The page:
Mother’s Day without a mother
One afternoon my siblings and I came home from school and my parents weren’t there. They should have been back from the hospital by now, where my mother had a routine procedure on her neck. I wasn’t worried – I was 11, the age when your parents seem invulnerable.
And even if that age seems infinitely far away, I still remember very clearly everything that happened after that. I was sitting on the living room floor doing homework while my siblings were watching TV on the sofa when my dad walked in the door and said, “I have something very difficult to tell you guys.” He looked pale and shocked. “Something went terribly wrong with Mom’s surgery. She’s not coming home.” I remember telling him that wasn’t funny. But he quickly made it clear that it wasn’t a joke.
At first I didn’t cry at all. I felt numb and confused throughout the day. It wasn’t until we were all sitting around the dinner table and couldn’t eat a bite that it hit me with full force. We all cried profusely and held hands. We didn’t eat until the next day.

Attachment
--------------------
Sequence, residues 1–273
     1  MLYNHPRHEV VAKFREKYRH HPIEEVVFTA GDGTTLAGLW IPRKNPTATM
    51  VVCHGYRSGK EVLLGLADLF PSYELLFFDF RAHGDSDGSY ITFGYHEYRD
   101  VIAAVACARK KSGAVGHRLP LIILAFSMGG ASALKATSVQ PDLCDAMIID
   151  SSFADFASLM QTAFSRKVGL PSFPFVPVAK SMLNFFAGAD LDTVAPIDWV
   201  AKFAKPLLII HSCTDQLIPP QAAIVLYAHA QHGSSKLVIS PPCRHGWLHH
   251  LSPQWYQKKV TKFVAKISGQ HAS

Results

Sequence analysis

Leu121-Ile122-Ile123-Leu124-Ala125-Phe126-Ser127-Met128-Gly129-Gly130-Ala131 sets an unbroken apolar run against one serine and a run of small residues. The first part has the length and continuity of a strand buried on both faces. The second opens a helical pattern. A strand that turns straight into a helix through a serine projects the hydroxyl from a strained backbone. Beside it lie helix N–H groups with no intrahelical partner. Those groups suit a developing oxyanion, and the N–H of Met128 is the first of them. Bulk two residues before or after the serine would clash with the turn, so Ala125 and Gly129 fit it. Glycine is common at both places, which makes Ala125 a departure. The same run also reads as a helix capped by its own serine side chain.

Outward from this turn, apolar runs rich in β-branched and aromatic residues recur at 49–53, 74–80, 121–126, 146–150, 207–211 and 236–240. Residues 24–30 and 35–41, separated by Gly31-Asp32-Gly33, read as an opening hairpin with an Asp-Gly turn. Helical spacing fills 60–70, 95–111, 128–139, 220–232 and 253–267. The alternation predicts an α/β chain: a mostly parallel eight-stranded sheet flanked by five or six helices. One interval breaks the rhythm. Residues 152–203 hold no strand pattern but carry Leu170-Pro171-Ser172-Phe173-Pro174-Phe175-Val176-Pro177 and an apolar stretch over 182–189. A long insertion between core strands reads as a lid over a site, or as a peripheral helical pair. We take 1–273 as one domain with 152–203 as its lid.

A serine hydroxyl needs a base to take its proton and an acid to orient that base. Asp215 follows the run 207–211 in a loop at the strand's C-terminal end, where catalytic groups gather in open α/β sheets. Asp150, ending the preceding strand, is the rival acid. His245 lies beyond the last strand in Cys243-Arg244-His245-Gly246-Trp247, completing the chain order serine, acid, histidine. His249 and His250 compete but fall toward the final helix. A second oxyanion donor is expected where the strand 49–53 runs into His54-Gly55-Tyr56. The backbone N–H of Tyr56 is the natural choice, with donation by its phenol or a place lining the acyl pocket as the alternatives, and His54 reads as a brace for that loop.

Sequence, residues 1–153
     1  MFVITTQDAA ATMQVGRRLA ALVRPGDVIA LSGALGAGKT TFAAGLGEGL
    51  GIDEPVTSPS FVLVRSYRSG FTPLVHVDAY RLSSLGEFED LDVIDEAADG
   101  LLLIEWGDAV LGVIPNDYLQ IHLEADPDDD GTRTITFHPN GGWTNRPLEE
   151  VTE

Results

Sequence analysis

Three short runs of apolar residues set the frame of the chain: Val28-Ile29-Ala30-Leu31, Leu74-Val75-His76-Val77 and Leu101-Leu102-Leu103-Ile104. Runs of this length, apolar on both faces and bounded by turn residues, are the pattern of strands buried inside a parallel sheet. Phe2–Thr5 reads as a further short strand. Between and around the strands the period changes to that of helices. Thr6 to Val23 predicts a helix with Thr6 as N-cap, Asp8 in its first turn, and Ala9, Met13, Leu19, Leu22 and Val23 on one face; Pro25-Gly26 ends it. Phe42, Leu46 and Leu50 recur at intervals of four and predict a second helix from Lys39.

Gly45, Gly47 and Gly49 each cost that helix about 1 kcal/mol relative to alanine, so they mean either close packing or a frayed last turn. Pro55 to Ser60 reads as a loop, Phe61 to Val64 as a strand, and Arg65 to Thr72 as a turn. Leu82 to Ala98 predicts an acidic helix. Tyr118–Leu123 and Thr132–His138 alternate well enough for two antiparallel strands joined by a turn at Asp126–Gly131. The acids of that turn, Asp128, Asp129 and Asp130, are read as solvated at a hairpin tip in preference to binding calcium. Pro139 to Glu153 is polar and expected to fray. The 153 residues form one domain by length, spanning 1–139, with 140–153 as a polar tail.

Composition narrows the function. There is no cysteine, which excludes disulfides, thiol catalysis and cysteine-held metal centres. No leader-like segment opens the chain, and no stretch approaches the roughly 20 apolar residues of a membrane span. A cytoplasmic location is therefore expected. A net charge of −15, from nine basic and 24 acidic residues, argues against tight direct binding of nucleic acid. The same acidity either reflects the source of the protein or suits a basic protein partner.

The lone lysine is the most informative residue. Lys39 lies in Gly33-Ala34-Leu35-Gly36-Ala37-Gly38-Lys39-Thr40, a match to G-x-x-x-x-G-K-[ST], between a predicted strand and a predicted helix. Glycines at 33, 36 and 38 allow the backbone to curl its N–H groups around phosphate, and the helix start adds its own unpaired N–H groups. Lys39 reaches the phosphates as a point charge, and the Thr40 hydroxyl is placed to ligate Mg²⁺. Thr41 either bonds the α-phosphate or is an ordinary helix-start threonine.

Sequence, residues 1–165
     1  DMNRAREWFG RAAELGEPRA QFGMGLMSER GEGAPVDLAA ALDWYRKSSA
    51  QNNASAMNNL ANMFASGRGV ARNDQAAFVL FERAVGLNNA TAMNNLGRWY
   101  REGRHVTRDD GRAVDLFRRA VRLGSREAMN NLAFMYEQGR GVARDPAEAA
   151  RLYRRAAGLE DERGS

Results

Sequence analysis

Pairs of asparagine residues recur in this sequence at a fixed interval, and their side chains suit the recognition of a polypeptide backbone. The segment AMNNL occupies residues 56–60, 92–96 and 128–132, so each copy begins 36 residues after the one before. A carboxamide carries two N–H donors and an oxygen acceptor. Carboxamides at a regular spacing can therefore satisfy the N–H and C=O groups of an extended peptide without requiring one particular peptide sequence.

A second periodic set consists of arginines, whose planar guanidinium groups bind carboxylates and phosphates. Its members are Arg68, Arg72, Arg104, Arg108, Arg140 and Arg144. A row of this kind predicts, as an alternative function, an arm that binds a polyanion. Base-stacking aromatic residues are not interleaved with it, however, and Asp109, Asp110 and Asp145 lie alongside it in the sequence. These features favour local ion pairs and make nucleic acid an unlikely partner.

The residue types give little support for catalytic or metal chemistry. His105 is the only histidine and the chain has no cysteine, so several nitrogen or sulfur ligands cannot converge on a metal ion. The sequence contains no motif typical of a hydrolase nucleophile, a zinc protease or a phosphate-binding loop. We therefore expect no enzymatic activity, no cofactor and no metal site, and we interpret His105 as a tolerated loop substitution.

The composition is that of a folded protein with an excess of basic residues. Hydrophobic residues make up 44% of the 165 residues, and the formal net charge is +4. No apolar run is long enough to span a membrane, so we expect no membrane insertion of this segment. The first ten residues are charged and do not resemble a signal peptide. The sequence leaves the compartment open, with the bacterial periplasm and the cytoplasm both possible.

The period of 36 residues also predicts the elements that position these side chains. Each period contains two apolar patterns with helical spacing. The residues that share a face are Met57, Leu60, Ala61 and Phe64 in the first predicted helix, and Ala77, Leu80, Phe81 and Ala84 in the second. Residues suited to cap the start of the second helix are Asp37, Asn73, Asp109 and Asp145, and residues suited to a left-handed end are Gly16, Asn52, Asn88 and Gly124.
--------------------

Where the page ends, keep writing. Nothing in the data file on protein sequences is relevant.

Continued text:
Later I understood more details about my mother’s death. During the surgery to use a laser to sever the blood vessels in her neck, one of her arteries was injured, which ultimately led to a heart attack. She was only 43 years old.
My mother was my favorite person in the world and I was used to doing everything with her. She walked us to school every day and picked us up again. At the weekend we drove into town and went shopping together – not without stopping for a cake in the supermarket cafe. At home we watched some tearjerker series for hours. Every picture I drew as a child was for her. She was the one who taught me to seek the joy of life in small things.
And even if my father did everything in his power to distract us, after her death my world just seemed empty. Everyday situations suddenly became terribly difficult, like seeing my friends or even strangers on the street with their mothers. Because they constantly presented me with a future that I could no longer have. My friends even started feeling bad about celebrating their relationship with their mother.